Numerous public pension plans across America are in horrendous shape. The employee plan of the Commonwealth of Puerto Rico, funded at an alleged 7 percent of assets, is functionally broke. Other public plans, like that of Charleston, West Virginia, have 24 percent of the assets needed to meet future promises to retirees.
There is little to no regulatory oversight of public pensions. And what little there is comes in a roundabout way. For example, the sanction that the Securities and Exchange Commission administered to the state of Illinois for not adequately disclosing to bond investors that it was not properly funding its system.
The core of the SEC complaint says:
The state omitted to disclose in preliminary and final official statements material information regarding the structural underfunding of its pension systems and the resulting risks to the state’s financial condition.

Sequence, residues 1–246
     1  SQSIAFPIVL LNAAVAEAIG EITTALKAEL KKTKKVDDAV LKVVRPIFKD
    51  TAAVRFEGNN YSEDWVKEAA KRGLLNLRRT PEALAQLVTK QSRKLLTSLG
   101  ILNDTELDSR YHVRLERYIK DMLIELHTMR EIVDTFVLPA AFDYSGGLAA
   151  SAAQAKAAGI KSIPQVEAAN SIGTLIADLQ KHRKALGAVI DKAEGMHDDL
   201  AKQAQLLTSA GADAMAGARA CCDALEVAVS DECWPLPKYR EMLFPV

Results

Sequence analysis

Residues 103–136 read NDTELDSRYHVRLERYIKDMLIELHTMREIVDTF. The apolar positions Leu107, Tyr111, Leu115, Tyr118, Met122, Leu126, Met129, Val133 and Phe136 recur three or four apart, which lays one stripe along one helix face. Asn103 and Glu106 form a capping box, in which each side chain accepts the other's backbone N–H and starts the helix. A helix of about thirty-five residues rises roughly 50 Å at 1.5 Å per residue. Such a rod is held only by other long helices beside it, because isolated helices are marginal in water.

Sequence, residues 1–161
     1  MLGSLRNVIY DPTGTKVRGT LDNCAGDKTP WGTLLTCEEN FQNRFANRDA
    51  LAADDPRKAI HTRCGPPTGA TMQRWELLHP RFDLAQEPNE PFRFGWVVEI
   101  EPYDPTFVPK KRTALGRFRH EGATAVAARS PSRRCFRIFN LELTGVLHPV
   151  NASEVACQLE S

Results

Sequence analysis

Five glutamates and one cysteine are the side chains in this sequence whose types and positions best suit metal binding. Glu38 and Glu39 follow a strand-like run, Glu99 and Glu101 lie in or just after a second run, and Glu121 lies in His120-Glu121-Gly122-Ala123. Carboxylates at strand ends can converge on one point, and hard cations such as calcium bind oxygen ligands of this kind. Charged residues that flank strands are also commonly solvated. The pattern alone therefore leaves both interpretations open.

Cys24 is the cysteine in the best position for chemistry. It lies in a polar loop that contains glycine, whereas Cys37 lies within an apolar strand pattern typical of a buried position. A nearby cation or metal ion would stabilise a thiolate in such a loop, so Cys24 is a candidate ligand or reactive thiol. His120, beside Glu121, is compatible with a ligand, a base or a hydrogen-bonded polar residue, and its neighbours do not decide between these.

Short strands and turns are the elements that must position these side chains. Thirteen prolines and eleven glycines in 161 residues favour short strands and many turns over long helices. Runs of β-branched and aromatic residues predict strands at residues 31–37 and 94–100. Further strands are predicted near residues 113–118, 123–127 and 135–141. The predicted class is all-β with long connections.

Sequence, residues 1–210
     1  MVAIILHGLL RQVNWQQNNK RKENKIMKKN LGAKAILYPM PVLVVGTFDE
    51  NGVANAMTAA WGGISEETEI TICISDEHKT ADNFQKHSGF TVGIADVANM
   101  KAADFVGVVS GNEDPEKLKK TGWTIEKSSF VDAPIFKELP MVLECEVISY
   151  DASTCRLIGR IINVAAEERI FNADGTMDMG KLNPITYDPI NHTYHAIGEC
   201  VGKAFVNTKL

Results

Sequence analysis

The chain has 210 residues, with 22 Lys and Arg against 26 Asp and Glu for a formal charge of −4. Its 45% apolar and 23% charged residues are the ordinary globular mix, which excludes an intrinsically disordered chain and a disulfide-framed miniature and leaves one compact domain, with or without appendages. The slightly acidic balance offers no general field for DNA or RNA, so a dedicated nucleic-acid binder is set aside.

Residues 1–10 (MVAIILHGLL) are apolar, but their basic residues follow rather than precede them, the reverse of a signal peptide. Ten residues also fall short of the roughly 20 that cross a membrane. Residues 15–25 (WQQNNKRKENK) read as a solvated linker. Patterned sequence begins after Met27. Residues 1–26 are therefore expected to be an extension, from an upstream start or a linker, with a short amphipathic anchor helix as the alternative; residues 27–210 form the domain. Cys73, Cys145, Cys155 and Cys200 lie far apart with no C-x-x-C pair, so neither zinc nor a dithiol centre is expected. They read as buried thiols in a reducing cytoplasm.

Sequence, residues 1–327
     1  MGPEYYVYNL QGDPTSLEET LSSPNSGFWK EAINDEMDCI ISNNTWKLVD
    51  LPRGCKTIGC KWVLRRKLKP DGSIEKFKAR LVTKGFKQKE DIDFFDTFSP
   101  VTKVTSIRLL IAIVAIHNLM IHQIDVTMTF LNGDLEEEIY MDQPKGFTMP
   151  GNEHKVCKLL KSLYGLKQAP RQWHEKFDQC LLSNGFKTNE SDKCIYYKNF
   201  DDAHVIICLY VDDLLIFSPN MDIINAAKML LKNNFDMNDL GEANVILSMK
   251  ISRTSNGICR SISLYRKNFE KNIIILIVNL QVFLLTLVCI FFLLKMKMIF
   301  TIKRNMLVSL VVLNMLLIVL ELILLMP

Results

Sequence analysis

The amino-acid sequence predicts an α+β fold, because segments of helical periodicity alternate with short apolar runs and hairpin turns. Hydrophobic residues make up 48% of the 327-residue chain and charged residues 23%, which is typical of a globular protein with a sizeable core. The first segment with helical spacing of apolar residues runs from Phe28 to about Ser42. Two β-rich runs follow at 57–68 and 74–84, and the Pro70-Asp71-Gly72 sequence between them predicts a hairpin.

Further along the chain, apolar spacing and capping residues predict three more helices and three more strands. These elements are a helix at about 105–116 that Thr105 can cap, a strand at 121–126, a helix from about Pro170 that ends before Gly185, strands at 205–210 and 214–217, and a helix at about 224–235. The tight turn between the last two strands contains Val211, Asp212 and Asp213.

So the SEC says to a state, “You were not telling investors, who bought your bonds, all the facts.” And then essentially says, “Don’t do it again.” Of course, the SEC could have fined Illinois, but taxpayers would just foot the bill for this. There must have been dozens of people involved in the preparation of the state’s bond offering documents. Was there a mastermind behind it? Probably not. If there had been, the SEC would have charged that individual as it did in the case of San Diego officials who misrepresented the city’s pension. Those charges were eventually dismissed.
Now all the media is filled will howls of indignation at the SEC for the lame treatment of Illinois. This was capped with Bloomberg’s Jonathan Weil’s piece, “And the SEC Wonders Why Investors Think It’s Spineless.” This is not quite fair. There is some kind of a heist of pension assets taking place in Illinois, but neither the SEC nor any other federal agency has the power do anything about it. Here is why, from the SEC complaint: